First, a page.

In Love and War by Suzanne Barrett
Publisher: Turquoise Morning Press
Length: Full Length (185 pgs)
Heat Level: Sensual
Rated: 4 books
Reviewed by Snapdragon
Embittered war correspondent Quinn Lawlor returns to his ancestral home in Ireland where he finds solace in the arms of Waterford dairy farmer Meaghann Power.
Meaghann must separate her daytime life as farmer and daughter of Irish rebels from nights of blazing desire for the one man she shouldn't love.
Will their passion prove strong enough to overcome a decades-old bitter struggle?
In Love and War offers parallels to life and living, between individuals and society; because the struggles of nations – indeed even the eternal conflict, fall as mere tapestry to all that is heartfelt between one man and one woman. It sounds complex, but is more honestly described as compelling, from start to finish.
The setting is the very fascinating world of contemporary Ireland. This isn’t the quaint, packaged tourist Ireland folks like to imagine – it's far more real than that, but also, in the final analysis, also more enchanting. And, Ireland being Ireland, the past is never far away. The history, yesterday’s morals, today’s gossip, the danger inherent when people still really care, all contribute to a real and lively sense of place. When political events are shared, they aren’t distant and grand, but happening round tables down at the local pubs.
Ms. Barrett’s story is a study of people, both in a broad frame and in a narrow, intimate context. The main characters are outstandingly individual. It matters not if the intrigue on the grander scale is not of particular interest to the reader, because Quinn and Meaghann are continually of interest. Both are strong, self-possessed people, admirable for many traits. Quinn, especially, is all the more intriguing because of his personal struggles and demons. Some of the dialogue is simply a hoot: I adore it when people talk at cross-purposes, so believably.
There are certainly a few characters that don’t go much beyond a certain formula of a person. Brid, family matchmaker is quaint yes, but overdone and clichéd. I found her tiresome and perhaps more to the point, so did Meaghann. However, some of these secondary characters certainly seemed to exist merely to goad our heroine. Perhaps, this is merely an accurate reflection of many a small community. As Ms. Barrett tells us: “The problem with tiny Timnagh was that everyone was aware of its comings and goings.” Actually, this ‘problem’ is never-endingly engaging for readers, and so perhaps it’s not surprising if the odd person does fall into a stereotype. The ‘bad’ like Fergus Burke seem thoroughly bad, as plain as Aunt Brid’s good. Even the fence-sitters, like Declan come out a bit too predictable. This is hardly a complaint however, because Quinn and Meaghann themselves more than make up for some plastic secondary staff. Although we want and expect something between them, absolutely nothing there is simple and straightforward.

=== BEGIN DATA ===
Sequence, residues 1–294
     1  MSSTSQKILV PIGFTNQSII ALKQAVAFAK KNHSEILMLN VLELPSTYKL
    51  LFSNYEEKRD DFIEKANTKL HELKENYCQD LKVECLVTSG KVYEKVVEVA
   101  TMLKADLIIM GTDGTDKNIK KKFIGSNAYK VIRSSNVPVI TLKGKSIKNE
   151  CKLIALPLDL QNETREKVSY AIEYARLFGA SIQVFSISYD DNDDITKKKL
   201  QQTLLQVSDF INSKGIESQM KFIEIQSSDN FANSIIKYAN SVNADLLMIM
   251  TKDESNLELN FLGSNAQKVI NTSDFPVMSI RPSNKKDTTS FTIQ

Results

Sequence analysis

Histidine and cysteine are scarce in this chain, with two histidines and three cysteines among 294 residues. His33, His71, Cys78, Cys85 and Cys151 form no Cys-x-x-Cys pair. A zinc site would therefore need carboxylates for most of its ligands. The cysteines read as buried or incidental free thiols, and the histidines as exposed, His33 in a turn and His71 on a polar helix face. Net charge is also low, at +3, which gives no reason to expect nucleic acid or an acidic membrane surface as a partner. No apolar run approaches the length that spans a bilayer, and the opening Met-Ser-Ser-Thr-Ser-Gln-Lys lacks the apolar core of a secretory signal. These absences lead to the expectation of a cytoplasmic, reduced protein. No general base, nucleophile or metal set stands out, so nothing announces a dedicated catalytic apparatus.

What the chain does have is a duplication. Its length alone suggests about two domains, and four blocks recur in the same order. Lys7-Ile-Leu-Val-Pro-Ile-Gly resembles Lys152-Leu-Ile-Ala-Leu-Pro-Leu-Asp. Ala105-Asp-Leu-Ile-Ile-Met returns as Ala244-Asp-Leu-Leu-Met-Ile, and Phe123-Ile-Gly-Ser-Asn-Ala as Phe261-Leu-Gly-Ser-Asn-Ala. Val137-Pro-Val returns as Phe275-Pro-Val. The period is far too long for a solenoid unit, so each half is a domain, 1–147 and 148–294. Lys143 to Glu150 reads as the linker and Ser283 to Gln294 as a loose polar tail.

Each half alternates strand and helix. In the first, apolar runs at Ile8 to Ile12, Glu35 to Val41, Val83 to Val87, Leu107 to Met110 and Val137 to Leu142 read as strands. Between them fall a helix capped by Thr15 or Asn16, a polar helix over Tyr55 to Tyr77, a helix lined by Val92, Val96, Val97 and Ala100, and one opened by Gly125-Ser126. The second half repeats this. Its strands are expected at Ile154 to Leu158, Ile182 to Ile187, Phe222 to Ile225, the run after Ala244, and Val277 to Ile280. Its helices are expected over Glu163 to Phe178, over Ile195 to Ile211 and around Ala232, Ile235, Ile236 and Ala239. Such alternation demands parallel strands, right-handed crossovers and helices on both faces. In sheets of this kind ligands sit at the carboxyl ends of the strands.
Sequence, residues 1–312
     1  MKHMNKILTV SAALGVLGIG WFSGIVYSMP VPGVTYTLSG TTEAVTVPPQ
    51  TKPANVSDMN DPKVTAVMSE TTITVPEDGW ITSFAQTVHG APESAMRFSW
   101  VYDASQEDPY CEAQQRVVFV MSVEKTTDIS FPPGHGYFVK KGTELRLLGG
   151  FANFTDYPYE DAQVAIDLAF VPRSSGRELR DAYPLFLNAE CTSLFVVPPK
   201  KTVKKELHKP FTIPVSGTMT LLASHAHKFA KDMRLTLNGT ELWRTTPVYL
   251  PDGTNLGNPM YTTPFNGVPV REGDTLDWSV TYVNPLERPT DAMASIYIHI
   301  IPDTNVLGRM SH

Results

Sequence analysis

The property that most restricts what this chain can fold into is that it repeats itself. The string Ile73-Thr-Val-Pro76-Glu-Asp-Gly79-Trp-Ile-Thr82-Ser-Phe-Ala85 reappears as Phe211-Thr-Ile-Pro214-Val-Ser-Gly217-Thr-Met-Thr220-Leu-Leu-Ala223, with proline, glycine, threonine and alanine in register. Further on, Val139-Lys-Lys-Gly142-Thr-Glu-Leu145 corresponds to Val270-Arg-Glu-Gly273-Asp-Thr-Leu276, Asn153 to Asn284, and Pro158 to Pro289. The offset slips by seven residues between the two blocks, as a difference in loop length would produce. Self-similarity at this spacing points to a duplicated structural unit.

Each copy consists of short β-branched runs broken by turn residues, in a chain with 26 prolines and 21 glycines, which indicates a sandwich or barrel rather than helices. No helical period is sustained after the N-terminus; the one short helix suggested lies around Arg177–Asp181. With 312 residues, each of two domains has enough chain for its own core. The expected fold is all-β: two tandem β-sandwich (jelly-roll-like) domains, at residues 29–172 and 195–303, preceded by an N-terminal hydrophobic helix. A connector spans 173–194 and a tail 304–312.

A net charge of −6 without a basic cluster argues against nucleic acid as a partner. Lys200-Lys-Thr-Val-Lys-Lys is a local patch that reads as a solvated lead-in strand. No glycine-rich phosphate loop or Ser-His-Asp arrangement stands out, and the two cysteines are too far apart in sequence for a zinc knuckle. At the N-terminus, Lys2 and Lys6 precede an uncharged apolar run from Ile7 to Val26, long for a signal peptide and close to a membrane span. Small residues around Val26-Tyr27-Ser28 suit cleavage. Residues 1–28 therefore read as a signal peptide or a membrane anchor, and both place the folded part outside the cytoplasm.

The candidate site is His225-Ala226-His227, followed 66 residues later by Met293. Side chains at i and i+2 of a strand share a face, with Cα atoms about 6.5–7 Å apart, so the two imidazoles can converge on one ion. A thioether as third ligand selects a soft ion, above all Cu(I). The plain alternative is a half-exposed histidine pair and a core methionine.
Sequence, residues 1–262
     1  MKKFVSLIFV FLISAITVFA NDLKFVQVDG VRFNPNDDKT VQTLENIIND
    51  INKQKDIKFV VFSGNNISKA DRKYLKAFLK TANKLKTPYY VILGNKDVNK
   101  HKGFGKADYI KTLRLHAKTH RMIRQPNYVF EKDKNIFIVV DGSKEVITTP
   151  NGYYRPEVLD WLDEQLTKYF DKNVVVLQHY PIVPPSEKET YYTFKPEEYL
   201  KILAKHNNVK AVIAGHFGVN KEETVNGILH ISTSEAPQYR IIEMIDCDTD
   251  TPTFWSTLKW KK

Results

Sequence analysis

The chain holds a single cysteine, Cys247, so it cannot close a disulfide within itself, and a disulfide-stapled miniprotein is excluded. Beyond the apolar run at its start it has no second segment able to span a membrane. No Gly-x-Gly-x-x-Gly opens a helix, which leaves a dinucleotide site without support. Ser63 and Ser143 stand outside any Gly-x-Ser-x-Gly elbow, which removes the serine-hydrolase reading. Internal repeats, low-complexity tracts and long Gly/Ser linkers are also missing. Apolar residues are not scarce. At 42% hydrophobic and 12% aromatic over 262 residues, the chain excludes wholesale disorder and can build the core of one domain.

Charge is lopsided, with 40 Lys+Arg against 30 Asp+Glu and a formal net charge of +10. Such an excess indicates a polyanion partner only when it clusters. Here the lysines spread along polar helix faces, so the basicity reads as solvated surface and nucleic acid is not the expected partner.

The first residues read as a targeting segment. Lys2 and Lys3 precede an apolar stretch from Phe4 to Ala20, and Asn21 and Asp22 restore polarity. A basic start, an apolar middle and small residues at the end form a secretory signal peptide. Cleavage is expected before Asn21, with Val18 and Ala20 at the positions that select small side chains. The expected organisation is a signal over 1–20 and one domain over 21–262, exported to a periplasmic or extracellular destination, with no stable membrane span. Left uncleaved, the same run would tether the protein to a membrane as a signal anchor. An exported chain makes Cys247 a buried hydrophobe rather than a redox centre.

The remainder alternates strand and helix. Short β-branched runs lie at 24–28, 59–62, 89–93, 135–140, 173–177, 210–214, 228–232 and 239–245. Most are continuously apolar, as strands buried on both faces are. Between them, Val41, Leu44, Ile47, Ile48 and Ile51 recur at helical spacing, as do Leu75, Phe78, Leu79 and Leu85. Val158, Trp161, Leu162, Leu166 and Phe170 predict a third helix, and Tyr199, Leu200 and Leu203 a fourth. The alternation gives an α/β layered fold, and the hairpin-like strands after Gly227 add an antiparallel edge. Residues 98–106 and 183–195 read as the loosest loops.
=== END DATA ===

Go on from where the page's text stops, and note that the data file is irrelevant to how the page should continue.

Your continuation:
It is very fun to note that exactly the sort of things dear old Aunt Brid worries about start to happen. The attraction between the two of them is all the more impressive because neither of them are really expecting it. The political issues don’t just intrude. We discover, to our own surprise, that there is more to our Meaghann than we were given to understand at the outset. Her motivation is not as simple as it would seem. She is, in fact, a person with her own demons. To say more would be to give too much away
Word or language use occasionally gives us a subtle sense of some of the interplay of ironies going on here. That growing sense of risk – personal, even if driven by the political – guarantees that you will remain on the edge of your seat. Emotionally intense and intriguing, Ms. Barrett’s characters, their struggles, beliefs, but ultimately their loves, will keep readers turning these pages. Clever.
I strongly recommend you read In Love and War.